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Texas has been well represented in the craft distillery boom that is sweeping across the United States. Waco based Balcones Distillery was among the first craft distilleries established in Texas and over the last decade has emerged as one of its brightest stars.

Balcones was founded in 2008, and began distilling in 2009. The original distillery, most of it hand built, lasted until 2015. That year the company moved to a larger, brand new distillery, and increased its capacity to around 350,000 liters per year. This year it is celebrating its first decade in operation by releasing an exceptional range of limited-edition expressions. This iconic spirits range will start with its first ever rye whiskey and include:

  • Texas Rye Cask Strength
  • Mirador and Peated
  • True Blue Cask Strength and Rumble Cask Reserve
  • Blue Corn Bourbon and High Rye Bourbon
  • Curanderos & BrujeriaWheated
  • Brimstone Redux and Single Barrel Brimstone
 The distillery's inaugural special release consisted of a pair or rye whiskeys, one bottled at 100 proof (50% ABV) and the other at a cask strength of 125 proof (62.5% ABV). The 100-proof expression will become part of the company's core range.

Rye whiskey is the quintessential American spirit, having predated bourbon by more than a century. Interest in rye declined after the 1970s, however, and the iconic whiskey largely disappeared from retail store shelves. Fast forward four decades and rye is experiencing a dramatic revival that has seen demand and production soar some 10-fold over the last 10 years. The rye revival has seen dozens of new expressions debut on the market and the emergence of some distinct regional styles.

Rye is a difficult grain for distillers to work with. Rye flour tends to be sticky and is prone to adhering to the sides of the still. If it isn't constantly cleaned off it can burn or scorch, imparting off flavors to the resulting distillate. Distilling rye is something of a specialty skill set. Until quite recently, most of the rye being sold by US firms had been distilled at either the MGP plant in Indiana or at Alberta Distilleries in Calgary.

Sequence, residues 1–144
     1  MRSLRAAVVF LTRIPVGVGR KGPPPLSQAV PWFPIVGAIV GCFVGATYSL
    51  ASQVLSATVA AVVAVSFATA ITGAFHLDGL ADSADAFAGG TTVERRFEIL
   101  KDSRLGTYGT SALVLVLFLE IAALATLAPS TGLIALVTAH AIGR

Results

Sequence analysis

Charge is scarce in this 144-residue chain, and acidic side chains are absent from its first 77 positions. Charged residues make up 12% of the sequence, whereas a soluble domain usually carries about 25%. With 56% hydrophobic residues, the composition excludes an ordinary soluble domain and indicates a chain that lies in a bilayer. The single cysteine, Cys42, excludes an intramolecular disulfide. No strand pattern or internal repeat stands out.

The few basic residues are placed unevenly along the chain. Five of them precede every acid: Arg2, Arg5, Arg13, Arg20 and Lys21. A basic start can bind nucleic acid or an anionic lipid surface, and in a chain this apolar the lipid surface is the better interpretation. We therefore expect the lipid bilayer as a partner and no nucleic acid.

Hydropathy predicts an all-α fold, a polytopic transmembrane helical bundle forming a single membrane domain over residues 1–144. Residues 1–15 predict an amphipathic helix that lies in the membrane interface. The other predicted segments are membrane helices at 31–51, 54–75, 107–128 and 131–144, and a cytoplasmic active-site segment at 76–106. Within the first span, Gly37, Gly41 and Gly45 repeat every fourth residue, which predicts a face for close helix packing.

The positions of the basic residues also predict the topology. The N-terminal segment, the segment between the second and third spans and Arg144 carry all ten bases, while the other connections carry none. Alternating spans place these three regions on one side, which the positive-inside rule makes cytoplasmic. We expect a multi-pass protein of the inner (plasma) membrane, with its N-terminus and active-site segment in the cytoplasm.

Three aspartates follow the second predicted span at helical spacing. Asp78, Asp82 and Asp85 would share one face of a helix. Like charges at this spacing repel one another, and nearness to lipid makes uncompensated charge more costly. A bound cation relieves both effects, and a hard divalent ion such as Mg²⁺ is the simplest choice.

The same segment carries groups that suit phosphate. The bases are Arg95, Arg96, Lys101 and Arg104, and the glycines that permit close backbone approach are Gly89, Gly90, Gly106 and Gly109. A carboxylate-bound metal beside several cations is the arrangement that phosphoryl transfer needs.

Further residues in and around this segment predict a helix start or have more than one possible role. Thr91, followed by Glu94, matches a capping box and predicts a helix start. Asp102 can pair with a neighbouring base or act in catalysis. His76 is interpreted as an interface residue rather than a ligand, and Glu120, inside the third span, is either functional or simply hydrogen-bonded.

Roughly 90% of all the rye whiskey available in the US originated at one of those two plants. Different maturation and finishing regimes gave each bottling a slightly different aroma and flavor profile, but they all shared the same DNA. As craft distillers have begun distilling their own rye, however, some distinctive styles have begun to emerge.

Balcones rye whiskey uses a variety of rye called Elbon. This is a historic variety that traditionally has been used as a cover crop and as pasture grass. The flavor elements in rye grain are found in the husk. That means distillers prefer the older, smaller kernel varieties of rye, which have a higher ratio of husk to flour. Bread makers, on the other hand, prefer the newer, hybridized varieties that offer a large kernel.

The Elbon rye used by Balcones was being used in West Texas as a cover crop to control soil erosion in the winter time. In the spring, it would be utilized for grazing before being plowed under. The distillery convinced farmers in West Texas to let the rye grow to maturity, promising that they would buy whatever grain was produced. That was the origin of Balcones' iconic rye whiskey.

The mash bill used by the distillery is 100% rye. It consists of 80% Elbon rye from West Texas and a mix of European rye kilned as chocolate rye, a crystal rye and a roasted rye.